Does the WTO Need to Resolve the Rare-Earths Dispute?

August 9, 2012

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The World Trade Organization recently agreed to establish a panel to look at complaints lodged by the U.S., E.U. and Japan regarding China’s restriction of access to rare-earth mineral resources. But market forces might be well on their way to solving the issue ahead of any decision from the WTO.

Rare-earth minerals (e.g. lanthanides, scandium and yttrium, as well as associated metals molybdenum and tungsten) are critical for producing high-tech items such as cell phones and other popular consumer electronics, batteries, defense systems and missiles. Access to rare-earth resources has become politically sensitive in recent years, as China, which has the world’s largest available supply of rare earths, continues to impose limits on exporting these crucial materials.

China imposes numerous export restraints, such as export duties and quotas on rare earths, “as well as many intermediate products processed from these raw materials,” according to a statement from the United States trade representative dealing with the matter, who is asking the WTO to ensure “fair and equal access to raw materials like rare earths that China specifically agreed to when it joined the WTO.”

For its part, the European Union charges that China’s export restrictions “significantly distort the market and create competitive advantages in favor of China’s manufacturing industry to the detriment of foreign competition,” according to Forbes.

The Chinese government contends that large-scale mining to extract such commodities is harmful to the environment and claims that it’s simply concerned about protecting the nation.

The WTO has agreed to establish a panel to hear input from all concerned parties.

In response to the WTO’s establishment of the panel, Zhu Hongren, chief engineer of China’s Ministry of Industry and Information Technology, said at a press conference in Beijing in late July that “the Chinese government will surely provide reasonable protection for rare-earth resources and ensure environmental protection and sustainable development while making use of the resources,” China’s official news agency Xinhua reports.

The dispute is both a geopolitical and an economic issue. After undercutting world prices for rare-earth minerals in the 1990s, leading to the discontinuance of extraction in other countries, China now controls about 95 percent of world production, despite having just over 20 percent of the world’s proven reserves.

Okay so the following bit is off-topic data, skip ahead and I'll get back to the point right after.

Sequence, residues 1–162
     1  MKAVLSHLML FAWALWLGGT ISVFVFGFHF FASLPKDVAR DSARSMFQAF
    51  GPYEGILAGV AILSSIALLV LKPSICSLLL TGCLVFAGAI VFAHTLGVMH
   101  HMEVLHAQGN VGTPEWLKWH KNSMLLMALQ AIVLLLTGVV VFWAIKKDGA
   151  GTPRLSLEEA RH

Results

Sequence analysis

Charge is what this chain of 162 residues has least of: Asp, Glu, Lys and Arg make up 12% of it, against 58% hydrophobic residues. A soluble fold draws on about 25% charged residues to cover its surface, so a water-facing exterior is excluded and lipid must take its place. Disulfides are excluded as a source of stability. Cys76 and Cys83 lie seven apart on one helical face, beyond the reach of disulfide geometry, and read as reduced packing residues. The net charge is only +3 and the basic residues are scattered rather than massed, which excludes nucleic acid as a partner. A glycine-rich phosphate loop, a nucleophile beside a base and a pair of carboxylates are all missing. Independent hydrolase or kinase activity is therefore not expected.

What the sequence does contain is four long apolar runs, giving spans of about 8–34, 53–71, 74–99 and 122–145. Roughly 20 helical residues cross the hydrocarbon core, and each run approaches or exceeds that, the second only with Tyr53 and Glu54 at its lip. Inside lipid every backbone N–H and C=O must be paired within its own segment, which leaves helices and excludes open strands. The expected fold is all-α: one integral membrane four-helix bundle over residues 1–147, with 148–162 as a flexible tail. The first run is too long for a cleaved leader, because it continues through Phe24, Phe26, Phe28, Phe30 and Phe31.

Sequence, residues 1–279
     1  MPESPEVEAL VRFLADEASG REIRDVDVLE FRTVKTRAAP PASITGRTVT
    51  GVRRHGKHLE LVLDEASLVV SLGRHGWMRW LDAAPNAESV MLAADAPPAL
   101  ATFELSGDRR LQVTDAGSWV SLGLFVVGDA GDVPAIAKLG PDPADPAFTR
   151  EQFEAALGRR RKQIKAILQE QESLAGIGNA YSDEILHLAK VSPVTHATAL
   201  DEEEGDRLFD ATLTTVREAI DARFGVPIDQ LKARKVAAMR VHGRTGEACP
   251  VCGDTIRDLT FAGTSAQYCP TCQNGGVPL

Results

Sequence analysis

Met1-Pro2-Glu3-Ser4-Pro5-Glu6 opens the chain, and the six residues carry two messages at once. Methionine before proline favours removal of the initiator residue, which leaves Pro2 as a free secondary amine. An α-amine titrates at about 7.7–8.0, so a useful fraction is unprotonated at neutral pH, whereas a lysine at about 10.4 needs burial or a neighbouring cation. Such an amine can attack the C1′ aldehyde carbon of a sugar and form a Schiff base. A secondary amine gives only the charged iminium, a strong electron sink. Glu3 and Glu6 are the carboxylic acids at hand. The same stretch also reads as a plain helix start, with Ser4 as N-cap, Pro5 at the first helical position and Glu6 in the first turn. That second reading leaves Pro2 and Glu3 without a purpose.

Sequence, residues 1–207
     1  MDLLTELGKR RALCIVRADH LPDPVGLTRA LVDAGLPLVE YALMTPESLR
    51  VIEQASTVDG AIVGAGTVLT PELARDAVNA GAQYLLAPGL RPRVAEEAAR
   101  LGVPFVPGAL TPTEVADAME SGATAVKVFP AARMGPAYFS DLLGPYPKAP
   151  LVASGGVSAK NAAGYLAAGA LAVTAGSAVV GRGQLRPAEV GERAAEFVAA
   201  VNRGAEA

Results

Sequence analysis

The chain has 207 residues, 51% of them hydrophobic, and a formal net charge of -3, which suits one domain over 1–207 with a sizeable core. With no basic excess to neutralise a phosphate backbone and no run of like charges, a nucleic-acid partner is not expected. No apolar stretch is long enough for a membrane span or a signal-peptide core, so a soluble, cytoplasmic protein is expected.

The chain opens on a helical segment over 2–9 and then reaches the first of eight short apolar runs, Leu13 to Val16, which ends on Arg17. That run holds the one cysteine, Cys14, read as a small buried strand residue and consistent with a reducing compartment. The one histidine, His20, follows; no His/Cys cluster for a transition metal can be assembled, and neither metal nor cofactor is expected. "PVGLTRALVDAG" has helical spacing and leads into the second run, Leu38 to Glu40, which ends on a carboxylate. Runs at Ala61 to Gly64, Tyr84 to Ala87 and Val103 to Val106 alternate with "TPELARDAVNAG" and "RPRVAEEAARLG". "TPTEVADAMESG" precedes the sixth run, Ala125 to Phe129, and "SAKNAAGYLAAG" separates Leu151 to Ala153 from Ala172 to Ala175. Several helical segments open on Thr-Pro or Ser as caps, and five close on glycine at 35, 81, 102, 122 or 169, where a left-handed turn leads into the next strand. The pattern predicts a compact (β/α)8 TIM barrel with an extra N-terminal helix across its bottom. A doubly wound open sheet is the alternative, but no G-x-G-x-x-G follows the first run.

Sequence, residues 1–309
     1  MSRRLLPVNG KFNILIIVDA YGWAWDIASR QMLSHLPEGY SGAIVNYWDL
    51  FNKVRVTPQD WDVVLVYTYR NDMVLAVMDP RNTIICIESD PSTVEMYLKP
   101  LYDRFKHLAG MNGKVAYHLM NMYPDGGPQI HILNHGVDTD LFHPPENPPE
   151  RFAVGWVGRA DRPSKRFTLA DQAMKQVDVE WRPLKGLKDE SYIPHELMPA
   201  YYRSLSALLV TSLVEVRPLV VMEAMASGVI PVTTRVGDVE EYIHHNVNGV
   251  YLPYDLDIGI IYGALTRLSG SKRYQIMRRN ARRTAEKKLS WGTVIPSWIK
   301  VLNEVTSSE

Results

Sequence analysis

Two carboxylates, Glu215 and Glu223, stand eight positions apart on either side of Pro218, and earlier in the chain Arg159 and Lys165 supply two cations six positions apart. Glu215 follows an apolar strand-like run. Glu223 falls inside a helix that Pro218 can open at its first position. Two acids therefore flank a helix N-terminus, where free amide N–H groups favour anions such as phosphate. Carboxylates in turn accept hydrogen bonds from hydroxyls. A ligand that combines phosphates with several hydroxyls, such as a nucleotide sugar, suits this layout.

Zhu alluded to this fact, saying "some countries with rich rare-earth resources have not mined their own land for environment protection or other reasons, but made groundless accusations against China and repeatedly ignored the widely-known pollution caused by rare-earth exploitation in the country.”

The WTO case might be a moot point when and if a decision is ever handed down. Ironically enough, not only did China recently ease restrictions somewhat for companies exporting rare-earth resources after those companies met new environmental standards, but much of the allotted quota is going unused due to a drop in world demand, the Wall Street Journal reports.

"Only about half of last year's 30,184-ton quota was used,” the Journal notes, citing Beijing-based rare-earth consulting firm Baichuan Information. Moreover, “major rare-earth exports in March this year fell more than 70 percent compared with a year earlier.”

In fact, for the first quarter of 2012, “China exported about 2,773 tons of rare-earth metals, just 26 percent of the initial quota for rare-earth exports.”

Given that global demand for rare earths has dropped, due partly to the worldwide economic slowdown, China’s initial tightening of export restrictions can be seen as a classic supply-and-demand response to try to keep prices up, similar to OPEC’s oil production quotas, which are intended to keep prices high.

Tim Worstall, an expert on scandium, told Forbes that “the market itself is already working around the Chinese restrictions: indeed, is well on the way to making them entirely irrelevant.”

For example, mining company Molycorp is reopening operations at the Mountain Pass mine in California, once the world’s top producer of rare earths but mothballed for the past 10 years due to cheaper Chinese production. Meanwhile, mining firm Lynas is opening the Mount Weld location in Australia as well, which contains vast proven reserves of rare earths.

The long-term supply of rare earths is not the primary concern – in addition to many proven reserves around the world, last month Japan announced the discovery of huge deposits of rare earths under the sea within the Japanese economic exclusion zone — but limited access to rare-earth resources is likely to have immediate negative economic effects, particularly for industries that rely on these resources for production.

Until a new, non-Chinese rare-earths supply is up and running, the rest of the world will find it difficult to gain affordable rare-earth minerals necessary for production, and this may drive up costs for finished products. In the meantime, countries like the U.S. see WTO action to resolve the dispute as the most effective path to cheaper, more readily available rare-earth resources.

 

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